Two steps forward, one step back

012815 peeI’ve been feeling almost smug in the last few days. We’ve seen Kyndall make some real breakthroughs. Almost a week ago, I stopped carrying her down the stairs from our bedroom for the first toileting break of the morning. I’ve hustled her along quite fiercely, but it’s been effective. She hasn’t once stopped to squat and pee on her way out, despite how urgently she sometimes does that once she’s outside.

We’ve seen progress, too, on the chewing front. I think she’s starting to get that we really don’t like being bitten by her. She still tries, from time to time, but she’s not persisting as much as she was a few weeks ago. The number of gouges on our hands is diminishing.

Tucker also has been training her. A few nights ago, she did something that must have really made him mad (we didn’t see what it was). He snarled and barked at her, and instead of screaming just once, she emitted loud squeals of terror for several long seconds. We think it was terror, rather than pain, as she bore no sign of being bitten. Whatever she did and he did, she’s been downright deferential to him since then. When he’s eating out of his bowl or licking a plate, she gives him a wide berth.

So it was a startling disappointment this afternoon to see her blithely squat down next to Steve and me in the kitchen and pee a substantial puddle. This was only an hour or so after Steve took her out and she peed, and then took her on a short walk during which she peed again.

What was she thinking? Then again, what am I thinking? She’s not yet three and a half months old but already adjusting beautifully to life with us — most of the time.

012815 looking small
She’s still a very little girl.




Flower child

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We planted the “Butterball” hibiscus on our patio 19 years ago. Since then we’ve acquired 6 CCI puppies. Collectively, they eaten all kinds of things in the yard. Yuli was wild about the King Palm seeds. Dionne favored mulch — fresh or aged. Kyndall is the only one who’s been obsessed with eating the hibiscus flowers.011915 hibiscus3

Maybe that’s because the tree happens to be bursting with fat yellow blossoms at the moment. After some time, they dry up and fall off. Dried and withered or newly unfurled, she pounces upon them and hunkers down for a chew. For a while we told ourselves she wasn’t swallowing, but now we know better.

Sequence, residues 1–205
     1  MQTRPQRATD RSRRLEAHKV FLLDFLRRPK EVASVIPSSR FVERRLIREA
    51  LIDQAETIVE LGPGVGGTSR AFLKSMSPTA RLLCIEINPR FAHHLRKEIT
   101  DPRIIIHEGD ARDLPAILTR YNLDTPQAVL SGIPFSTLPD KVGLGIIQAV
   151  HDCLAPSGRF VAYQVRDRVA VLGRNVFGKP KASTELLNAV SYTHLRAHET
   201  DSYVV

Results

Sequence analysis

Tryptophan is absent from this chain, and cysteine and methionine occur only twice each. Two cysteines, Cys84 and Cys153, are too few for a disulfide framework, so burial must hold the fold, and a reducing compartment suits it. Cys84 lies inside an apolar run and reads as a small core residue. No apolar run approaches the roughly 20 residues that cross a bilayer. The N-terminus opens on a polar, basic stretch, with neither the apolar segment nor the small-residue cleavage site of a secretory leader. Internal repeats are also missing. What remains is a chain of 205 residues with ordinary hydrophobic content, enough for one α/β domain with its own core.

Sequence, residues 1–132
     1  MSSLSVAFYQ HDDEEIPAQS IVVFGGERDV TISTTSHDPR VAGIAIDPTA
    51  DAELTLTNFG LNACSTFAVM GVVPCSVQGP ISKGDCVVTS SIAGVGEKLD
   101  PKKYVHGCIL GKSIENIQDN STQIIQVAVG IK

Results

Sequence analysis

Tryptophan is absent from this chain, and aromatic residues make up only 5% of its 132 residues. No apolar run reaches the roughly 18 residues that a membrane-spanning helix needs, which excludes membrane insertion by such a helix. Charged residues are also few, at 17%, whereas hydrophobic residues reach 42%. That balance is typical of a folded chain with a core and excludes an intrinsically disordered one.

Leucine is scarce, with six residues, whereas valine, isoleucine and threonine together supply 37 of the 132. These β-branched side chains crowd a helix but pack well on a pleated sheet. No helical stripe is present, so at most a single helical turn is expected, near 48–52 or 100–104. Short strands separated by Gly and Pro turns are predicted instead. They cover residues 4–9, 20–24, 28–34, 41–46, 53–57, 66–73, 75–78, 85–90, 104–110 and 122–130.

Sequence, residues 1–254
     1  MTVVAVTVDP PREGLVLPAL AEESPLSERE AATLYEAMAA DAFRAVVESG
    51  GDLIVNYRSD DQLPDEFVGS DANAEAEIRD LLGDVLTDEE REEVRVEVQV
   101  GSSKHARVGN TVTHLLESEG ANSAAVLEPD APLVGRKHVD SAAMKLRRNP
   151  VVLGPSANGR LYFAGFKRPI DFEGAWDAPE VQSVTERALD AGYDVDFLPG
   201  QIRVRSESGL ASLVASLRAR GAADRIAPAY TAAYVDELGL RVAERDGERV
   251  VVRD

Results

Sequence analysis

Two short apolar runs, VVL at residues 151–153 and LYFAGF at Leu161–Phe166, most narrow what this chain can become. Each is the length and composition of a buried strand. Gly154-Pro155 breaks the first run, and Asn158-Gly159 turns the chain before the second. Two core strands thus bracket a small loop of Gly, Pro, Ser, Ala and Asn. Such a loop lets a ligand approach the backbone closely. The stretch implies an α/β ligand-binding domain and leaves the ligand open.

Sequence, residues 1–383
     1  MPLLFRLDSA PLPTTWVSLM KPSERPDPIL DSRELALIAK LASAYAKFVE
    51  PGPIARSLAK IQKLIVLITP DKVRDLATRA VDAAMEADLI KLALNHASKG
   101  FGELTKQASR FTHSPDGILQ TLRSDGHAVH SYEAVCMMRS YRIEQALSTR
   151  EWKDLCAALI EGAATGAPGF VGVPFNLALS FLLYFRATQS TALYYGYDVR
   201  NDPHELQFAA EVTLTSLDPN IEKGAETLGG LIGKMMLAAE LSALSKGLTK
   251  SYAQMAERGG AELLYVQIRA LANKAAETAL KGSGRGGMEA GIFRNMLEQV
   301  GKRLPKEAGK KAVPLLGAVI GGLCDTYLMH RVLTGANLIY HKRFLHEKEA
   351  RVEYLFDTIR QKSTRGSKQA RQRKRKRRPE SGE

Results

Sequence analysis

This alarmed us. Certain plants can kill dogs, including a couple that we have in the yard, oleander (permanently) and poinsettias (often during the Christmas season). No dog has ever shown any interest in them, however. When Kyndall’s hibiscus cravings became evident, we turned to the Internet and (surprise!) found conflicting information. But a common assertion is that “hardy” hibiscus (Hibiscus syriacus) is indeed poisonous, while the “tropical” varieties do no harm.

Our Butterball is a a tropical variety, a rosa sinensis. And though I knock on wood as I type this, Kyndall has yet to throw up anything (unlike her predecessor, the vomiting superstar Dionne). We still try to stop her whenever we find a blossom in her mouth, but she’s persistent about harvesting more.



011915 HIBISCUS2
Think you can keep me from my hibiscus fix? Make my day!


A shadow approaches

A shadow approaches

My stomach lurched just a bit when I opened the envelope from CCI and saw that the subject was Dionne’s upcoming turn-in to the Oceanside center. For a moment, I feared that the start of her Advanced Training had been moved up three months sooner than the date we were given when we received her last December. I’ve heard of this happening to puppy-raisers, on rare occasions, and it’s brutal.

But no. The date of her turn-in remains Friday, May 16. That’s six months off.

Yet somehow, creepily, it feels like it’s right around the corner.

Puppy’s progress

Puppy’s progress
Last month, around the time of Dionne’s first birthday, I received an email telling me it was time again to fill out the Canine Behavioral Assessment & Health Questionnaire (CBARQ). This is an ongoing project of CCI’s, in collaboration with a couple of guide-dog-for-the-blind programs.

The idea is to refine the assessment and quantification of doggy behavioral traits. A professor at U Penn is conducting the research. What we puppy-raisers do is to fill out questionnaires when the pup is 6 months and one year old. I did it for Brando and Darby and, now, Dionne. It’s a little tedious — pages of questions and never any feedback about what the data is showing (unlike the Dognition project that we participated in last summer). But I comply, partly because I’m a reasonably dutiful puppy-raiser, and partly because I hope there’s a scientific pay-off for all of us answering all those pesky questions — somewhere down the road.

A sample of the CBARQ questions

There was one small but immediate benefit of filling out the questionnaire this time: it made me reflect on how much Dionne has changed over the past few months. Her relentless quest for trouble has throttled back — dramatically. She still has her mischievous moments. She still springs up — as if jolted by an electrical current — to participate in anything that’s going on. But if nothing’s going on, this is her new calling in life:

It makes me think: if she continues at this rate to grow calmer and ever more focused, six months from now she’ll be a superstar! And in the meantime, she’s a LOT easier to live with.